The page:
Thursday, August 22, 2013
Thursday, April 28, 2011
He said, "Why are you always smiling? You must know something nobody else does, 'cause you are always smiling."
My reply was "I am just a happy person. Thank you for saying that." He said, "No really, every time I see you you have a smile on your face."
That made me think of many years ago when as I walked to the unit where I worked, people would stop and ask me why I was smiling. It happened almost everyday.
In truth, the circumstances of life at the time were not "smile inducing", however at the very core I was a "happy" person, and it just showed up on my face.
There was a point when I realized that no one was asking me "why are you smiling?" It was kind of like when no one asks you where you get your hair done anymore -you know it's time for a change!
That is what I did back then - I made a change. Out of a career that was not keeping a smile on my face, and into a way of making a living that is part and parcel of my life.
As Confucius first, and then later Harvey McKay said "Find something you love to do, and you'll never work a day in your life."
So yesterday, I was reminded of that time, and realized what a fortunate person I really am. Years ago as I left for work on Perdido Key - selling real estate along the beach on Florida's Gulf Coast - it occurred to me that I was humming, and almost skipping to get to work. That is when I thought " I love what I do and it shows!" Which became my business slogan.
No truer words have ever been spoken.
Tuesday, April 26, 2011
Mike, who works with the family business is an energetic, confident and obviously adventurous sort. His respect and affection for his parents is evident, and they must be very proud of him. Apparently he enlisted in the Marine Corps straight out of high school and spent his four years in Japan and other far away places.
It was quite enjoyable to hear him share his "stories" with my husband, a Marine aviator of Vietnam vintage, and at the end of their exchange to hear the young fellow say "Semper Fi". Wow, what a brotherhood Marines share.
What is especially fun for me is to see how the everyday life of Perdido Key living is "taking hold" of Mike. He came prepared with fishing gear, his motorcycle, and his curiosity.
His recently acquired barbeque grill has been getting a workout while he enjoys the views across the intracoastal waterway to the north side of Perdido Key.
He says he has been tossing a line in the water on a regular basis, and catching fish right and left! Ah, the island life!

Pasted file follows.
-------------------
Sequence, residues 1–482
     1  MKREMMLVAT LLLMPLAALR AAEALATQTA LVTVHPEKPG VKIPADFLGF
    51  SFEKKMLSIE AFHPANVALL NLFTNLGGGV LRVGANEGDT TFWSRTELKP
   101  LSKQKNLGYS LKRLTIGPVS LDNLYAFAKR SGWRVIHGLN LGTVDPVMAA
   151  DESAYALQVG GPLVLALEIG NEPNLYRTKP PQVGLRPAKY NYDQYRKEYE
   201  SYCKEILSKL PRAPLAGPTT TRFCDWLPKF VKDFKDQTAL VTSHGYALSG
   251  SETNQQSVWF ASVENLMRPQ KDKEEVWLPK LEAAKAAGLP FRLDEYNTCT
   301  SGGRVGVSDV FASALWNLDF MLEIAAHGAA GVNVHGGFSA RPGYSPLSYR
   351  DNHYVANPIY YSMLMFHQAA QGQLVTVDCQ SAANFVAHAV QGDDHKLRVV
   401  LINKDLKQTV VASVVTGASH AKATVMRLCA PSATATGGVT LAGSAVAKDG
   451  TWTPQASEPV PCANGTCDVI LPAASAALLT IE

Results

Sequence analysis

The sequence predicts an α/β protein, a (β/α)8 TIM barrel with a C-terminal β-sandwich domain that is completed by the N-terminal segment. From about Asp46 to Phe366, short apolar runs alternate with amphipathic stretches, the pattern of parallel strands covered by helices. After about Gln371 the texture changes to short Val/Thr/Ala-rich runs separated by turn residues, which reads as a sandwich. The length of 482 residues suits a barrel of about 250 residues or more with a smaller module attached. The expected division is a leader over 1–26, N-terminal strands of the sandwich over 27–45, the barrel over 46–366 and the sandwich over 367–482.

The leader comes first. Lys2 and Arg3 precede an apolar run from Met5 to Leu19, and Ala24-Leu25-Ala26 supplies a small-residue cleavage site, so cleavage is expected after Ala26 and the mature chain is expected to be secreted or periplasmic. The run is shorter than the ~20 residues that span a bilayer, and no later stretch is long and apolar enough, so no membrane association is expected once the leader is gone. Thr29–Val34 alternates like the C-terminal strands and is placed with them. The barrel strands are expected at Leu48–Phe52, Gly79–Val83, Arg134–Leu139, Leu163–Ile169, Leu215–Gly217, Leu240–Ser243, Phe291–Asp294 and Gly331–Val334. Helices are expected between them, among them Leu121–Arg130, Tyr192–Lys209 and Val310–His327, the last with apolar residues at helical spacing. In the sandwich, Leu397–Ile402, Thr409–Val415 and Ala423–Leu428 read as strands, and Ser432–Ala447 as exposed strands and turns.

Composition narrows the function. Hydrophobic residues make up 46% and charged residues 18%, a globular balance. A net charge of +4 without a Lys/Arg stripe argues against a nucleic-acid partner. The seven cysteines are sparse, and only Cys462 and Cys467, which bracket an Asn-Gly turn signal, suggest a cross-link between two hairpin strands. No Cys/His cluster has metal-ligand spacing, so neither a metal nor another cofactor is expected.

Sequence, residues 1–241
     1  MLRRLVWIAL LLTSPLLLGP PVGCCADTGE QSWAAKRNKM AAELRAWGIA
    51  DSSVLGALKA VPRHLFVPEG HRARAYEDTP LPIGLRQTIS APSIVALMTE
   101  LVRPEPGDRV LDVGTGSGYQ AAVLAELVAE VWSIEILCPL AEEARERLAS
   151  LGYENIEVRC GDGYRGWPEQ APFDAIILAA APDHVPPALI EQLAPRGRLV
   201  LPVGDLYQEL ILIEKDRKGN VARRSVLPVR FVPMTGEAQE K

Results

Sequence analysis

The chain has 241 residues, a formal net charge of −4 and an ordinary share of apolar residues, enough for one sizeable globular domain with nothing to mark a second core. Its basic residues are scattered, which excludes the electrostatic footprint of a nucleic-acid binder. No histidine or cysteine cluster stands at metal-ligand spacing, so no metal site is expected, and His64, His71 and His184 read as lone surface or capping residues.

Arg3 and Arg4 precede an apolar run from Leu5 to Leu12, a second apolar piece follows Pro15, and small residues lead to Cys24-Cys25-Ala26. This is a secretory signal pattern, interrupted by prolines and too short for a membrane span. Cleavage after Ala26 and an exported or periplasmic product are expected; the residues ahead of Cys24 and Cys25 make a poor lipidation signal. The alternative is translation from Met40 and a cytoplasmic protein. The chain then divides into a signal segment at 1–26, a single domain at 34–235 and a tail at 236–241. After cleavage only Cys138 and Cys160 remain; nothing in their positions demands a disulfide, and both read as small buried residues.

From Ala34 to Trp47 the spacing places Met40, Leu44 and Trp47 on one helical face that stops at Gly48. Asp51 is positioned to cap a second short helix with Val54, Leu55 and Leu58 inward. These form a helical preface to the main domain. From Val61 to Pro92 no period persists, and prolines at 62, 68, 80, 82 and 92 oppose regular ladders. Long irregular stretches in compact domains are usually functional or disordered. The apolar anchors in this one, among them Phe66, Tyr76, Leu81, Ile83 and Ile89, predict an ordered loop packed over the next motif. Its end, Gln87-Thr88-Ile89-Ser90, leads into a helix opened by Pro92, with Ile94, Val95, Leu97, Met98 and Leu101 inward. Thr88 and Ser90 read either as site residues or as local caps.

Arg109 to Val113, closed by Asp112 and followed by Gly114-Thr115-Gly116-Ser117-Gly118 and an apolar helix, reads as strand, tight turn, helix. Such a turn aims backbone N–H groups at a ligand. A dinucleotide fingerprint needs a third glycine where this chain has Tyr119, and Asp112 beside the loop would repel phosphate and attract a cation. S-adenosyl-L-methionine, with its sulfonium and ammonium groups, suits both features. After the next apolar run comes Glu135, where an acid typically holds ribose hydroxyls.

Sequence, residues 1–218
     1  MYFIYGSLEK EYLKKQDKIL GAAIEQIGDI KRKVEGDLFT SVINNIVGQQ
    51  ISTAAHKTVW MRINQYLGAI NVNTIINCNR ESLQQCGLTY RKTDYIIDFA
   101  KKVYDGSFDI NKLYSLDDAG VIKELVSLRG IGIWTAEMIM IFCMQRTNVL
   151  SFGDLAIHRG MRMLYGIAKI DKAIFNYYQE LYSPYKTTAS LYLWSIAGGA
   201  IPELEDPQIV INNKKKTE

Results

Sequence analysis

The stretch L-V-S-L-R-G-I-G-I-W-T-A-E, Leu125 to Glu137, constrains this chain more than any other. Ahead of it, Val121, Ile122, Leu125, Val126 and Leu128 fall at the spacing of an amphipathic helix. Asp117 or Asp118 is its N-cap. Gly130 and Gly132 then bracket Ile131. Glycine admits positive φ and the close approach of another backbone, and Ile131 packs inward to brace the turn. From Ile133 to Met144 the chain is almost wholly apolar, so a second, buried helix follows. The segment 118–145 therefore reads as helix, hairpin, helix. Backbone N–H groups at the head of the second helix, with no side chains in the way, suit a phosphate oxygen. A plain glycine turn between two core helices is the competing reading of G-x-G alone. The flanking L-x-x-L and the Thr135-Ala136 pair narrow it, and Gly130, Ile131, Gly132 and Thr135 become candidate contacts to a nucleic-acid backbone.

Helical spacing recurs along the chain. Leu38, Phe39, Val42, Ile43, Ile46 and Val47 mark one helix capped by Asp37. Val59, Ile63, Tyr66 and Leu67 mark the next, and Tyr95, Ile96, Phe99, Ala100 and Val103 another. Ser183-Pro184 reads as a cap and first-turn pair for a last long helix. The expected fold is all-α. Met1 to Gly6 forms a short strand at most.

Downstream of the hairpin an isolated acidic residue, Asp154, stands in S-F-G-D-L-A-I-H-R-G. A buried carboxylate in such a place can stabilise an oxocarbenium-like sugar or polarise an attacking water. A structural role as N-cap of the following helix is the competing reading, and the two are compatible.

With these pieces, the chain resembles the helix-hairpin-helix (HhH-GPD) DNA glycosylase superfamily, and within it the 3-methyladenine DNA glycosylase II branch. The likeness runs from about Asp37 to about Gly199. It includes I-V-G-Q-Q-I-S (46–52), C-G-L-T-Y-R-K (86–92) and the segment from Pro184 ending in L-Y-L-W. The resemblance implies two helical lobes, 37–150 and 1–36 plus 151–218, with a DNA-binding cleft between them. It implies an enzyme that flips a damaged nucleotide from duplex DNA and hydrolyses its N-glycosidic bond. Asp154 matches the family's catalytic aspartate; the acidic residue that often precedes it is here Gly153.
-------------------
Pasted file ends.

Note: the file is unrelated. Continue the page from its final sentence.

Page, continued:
Since Mike likes to cook, I told him about Perdido Bay Seafood, right under the bridge near Publix. For extra adventure, I gave him directions to Joe Patti Seafood - what an eye opener that will be!
One day while picking up his mail at my office, Mike said, "you know after you are here for a while you realize everywhere you look there is water!" I told him my favorite sight is topping the Theo Baars' Bridge just before sunset. The intracoastal waterway looks like a river of fire glowing with the reflection of the sky. The gorgeous National Seashore - Johnson Beach stretches to the east and Perdido Key lies ahead to be explored.
I expect Mike will find it hard to go back to the center of Florida when his work is completed here. Perdido Key grows on you, and in you. Hopefully soon Mike will call this wonderful place "home". (pictured above is the view from Mike's digs, click on the photo for details)
Wednesday, December 22, 2010
Monday, November 15, 2010
Michael Norton The News Service of Florida
Posted in part November 13, 2010
The pace of the recovery in the nation is moderating and the lift spurred by nearly $800 billion in federal stimulus spending is fading, but there are several promising signs that growth will continue, including in Florida, a leading national fiscal analyst told reporters Friday morning.
Moody’s Analytics economist Chris Lafakis said the Federal Reserve will remain aggressive, with a quantitative easing plan that he equated to “basically flooding the global monetary system.” Lafakis predicted the strategy would lift asset prices, reduce corporate borrowing costs, and increase the willingness of consumers to spend.